The FWW Army coin is one of the two pound coins that was designed to commemorate a special event or to honour someone. It is a bi-metallic coin consisting of two different alloys. The outer ring is a Nickel-Brass, and the inner circle is Cupro-Nickel.

The reverse of the special commemorative FWW Army two pound round coin features a design that was to celebrate the 100th anniversary of the First World War – The Army in honour of the Pals Battalions.

The Design Of The First World War Army Two Pound Coin

First World War Army £2 Coin
First World War Army £2 Coin Design – Credit

The reverse design of this special two pound coin marks a very important moment in military history. In a design by Tim Sharp, the “Pals Battalions” are honoured on this special commemorative coin.

The image shows three pals marching side by side, shoulder to shoulder. Their silhouettes are facing to the right. The design was based on the work of C.R.W. Nevinson who was an artist of the First World War. The coin’s design is the work of Tim Sharp.

There is a small letter “u” to the far left of the soldiers. This letter is the signature of the agency known as Uniform. The designer of the reverse image for the FWW Army coin, Tim Sharp, was the creative director for the Uniform agency.

Around the outer rim of the coin are the words THE FIRST WORLD WAR 1914-1918. Centred at the bottom on the outer rim is the date 2016.

The milled edge inscription reads FOR KING AND COUNTRY

What Does The FWW Army £2 Coin Represent?

After the war broke out in 1914, the British army soon realized that it was not large enough to sustain the conflict that had spread throughout Europe and the world. Lord Kitchener began to request men to enlist by encouraging them through various campaigns and posters. One that brought friends and family together to volunteer to enlist was the Pals Battalions.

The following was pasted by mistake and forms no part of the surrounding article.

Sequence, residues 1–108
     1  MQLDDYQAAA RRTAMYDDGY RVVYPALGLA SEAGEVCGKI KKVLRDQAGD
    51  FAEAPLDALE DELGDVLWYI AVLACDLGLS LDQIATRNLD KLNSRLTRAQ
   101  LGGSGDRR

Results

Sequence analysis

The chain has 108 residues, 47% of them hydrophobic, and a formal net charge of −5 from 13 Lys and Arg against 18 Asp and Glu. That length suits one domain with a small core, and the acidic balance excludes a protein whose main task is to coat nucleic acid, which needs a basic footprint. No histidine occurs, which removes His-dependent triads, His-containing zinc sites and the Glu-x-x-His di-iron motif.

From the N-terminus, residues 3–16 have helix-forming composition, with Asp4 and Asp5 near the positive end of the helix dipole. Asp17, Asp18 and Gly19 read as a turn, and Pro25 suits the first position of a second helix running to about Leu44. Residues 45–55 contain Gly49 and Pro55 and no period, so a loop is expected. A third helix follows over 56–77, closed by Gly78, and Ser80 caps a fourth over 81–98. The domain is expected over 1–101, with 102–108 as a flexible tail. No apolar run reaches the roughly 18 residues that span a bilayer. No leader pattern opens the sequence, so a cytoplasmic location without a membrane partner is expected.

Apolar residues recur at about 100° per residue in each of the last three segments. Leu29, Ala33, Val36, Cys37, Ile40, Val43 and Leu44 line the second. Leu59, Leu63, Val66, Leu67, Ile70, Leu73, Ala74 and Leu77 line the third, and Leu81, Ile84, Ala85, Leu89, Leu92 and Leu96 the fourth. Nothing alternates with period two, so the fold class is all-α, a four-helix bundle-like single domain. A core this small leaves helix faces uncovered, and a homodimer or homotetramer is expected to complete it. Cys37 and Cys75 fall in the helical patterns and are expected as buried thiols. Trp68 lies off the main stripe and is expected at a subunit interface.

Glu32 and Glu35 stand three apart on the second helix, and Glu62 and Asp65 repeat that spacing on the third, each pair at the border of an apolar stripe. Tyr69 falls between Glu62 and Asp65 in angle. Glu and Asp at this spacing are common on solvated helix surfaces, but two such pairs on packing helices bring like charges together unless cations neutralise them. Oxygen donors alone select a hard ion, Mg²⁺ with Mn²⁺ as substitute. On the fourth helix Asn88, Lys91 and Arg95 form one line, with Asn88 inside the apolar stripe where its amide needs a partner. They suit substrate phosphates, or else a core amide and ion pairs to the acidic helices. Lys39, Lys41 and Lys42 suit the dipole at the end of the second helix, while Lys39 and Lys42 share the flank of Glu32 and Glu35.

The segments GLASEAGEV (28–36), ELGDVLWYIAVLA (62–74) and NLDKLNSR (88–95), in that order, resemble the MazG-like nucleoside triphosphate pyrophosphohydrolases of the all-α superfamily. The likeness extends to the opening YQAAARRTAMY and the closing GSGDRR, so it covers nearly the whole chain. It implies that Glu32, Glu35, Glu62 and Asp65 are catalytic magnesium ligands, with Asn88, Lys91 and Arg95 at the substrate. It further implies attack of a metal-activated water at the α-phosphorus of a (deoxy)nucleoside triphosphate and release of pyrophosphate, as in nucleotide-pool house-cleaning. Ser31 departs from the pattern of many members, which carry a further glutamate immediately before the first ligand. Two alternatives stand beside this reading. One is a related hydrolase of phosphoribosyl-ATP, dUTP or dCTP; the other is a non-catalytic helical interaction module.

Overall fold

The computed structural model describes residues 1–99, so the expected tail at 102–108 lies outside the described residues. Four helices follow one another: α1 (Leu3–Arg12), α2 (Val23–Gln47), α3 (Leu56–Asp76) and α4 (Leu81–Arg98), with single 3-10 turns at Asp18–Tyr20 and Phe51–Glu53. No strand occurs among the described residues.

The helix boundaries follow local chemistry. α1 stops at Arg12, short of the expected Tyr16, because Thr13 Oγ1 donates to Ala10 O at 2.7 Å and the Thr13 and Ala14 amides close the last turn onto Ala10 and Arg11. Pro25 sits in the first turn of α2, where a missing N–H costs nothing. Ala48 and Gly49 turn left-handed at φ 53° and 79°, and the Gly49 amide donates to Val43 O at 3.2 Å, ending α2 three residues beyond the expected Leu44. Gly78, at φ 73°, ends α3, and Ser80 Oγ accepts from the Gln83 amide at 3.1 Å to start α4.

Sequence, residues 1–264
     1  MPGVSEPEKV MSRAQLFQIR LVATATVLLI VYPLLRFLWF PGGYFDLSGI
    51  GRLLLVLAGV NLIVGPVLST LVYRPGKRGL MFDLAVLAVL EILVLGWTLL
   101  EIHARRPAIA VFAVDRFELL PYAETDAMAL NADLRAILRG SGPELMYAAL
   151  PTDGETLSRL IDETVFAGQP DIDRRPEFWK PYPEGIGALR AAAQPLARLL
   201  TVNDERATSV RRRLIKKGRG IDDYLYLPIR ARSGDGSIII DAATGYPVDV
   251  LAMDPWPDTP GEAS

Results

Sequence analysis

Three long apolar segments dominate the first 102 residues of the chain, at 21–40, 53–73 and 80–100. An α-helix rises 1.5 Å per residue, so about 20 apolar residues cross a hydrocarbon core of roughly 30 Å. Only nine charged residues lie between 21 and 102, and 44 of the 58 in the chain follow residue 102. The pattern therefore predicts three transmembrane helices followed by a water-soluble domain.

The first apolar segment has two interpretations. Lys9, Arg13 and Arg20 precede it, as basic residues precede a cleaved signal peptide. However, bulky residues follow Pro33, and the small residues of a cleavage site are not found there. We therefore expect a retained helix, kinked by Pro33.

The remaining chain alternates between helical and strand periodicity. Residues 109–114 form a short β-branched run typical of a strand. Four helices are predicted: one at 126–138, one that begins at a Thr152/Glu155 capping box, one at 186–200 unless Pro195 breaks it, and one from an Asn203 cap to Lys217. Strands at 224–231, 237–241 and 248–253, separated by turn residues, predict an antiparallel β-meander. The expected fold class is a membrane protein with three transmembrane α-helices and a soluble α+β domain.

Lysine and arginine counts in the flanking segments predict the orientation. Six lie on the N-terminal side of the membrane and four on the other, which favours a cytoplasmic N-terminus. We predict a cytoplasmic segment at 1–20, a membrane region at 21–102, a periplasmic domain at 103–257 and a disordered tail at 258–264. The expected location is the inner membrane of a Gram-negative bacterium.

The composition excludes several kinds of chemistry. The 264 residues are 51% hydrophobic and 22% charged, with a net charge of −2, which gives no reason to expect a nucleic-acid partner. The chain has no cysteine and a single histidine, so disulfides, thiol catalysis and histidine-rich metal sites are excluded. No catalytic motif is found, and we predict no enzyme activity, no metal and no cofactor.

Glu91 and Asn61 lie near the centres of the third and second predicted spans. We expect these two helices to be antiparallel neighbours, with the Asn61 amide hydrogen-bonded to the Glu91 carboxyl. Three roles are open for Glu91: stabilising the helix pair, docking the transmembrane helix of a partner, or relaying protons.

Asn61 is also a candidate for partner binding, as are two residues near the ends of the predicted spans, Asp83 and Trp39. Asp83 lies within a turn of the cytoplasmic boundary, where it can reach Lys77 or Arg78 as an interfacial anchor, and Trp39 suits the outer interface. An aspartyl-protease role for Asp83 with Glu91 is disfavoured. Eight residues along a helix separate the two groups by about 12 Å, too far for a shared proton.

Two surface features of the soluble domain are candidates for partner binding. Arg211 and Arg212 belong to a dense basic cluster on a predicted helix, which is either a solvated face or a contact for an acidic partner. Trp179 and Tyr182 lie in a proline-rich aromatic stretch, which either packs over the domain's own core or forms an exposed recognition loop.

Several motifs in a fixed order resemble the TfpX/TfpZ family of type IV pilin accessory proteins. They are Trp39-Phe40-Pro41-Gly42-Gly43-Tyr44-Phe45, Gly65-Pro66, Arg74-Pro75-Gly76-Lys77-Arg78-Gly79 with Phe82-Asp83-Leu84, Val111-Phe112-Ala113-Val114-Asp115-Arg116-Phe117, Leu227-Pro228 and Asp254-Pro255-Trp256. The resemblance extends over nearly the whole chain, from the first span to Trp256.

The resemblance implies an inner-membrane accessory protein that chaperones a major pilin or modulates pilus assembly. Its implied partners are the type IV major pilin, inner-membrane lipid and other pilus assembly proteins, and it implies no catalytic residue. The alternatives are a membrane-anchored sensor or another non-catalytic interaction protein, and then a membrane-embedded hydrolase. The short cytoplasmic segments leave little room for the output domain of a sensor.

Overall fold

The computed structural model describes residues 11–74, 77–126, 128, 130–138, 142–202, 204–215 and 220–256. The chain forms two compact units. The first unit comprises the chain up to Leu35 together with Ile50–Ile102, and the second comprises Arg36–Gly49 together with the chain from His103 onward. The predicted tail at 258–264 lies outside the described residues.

Thousands of men had volunteered to serve their country, but they needed more. They discovered that many more men would enlist if they were allowed to serve alongside their friends or relatives.

The Pals battalions of World War I were battalions of the British Army that were specially constituted. They comprised of men who had enlisted together during local recruiting drives. They were promised that they would be able to serve alongside their friends, neighbours, and colleagues instead of being placed randomly in a battalion. Previously, officers were called into service through the gentry, and the lower classes would simply enlist and hope for the best.

The FWW coin pays tribute to the Pals Battalions that represent the comradery that bound soldiers together in a time of war.

Designer Of The FWW £2 Coin Reverse Image

Tim Sharp was the creative director and designer of the FWW Army two pound coin. The design he chose comes from a creative consultancy agency called Uniform. Uniform also was asked to create a coin for the London 2012 Olympics in which a swimmer is featured under the words TEAM GB and the Olympic rings.

Where Can You Buy The FWW £2 Coin?

When looking for coins to buy or sell, generally online platforms like eBay are a great place to start. Before you decide to purchase any coins, however, make sure you do your homework first.

Expect to pay an average selling price for the FWW Army £2 coin of about £3.14 for this specific profile. As always, the exact price is going to depend upon what condition the coin is in.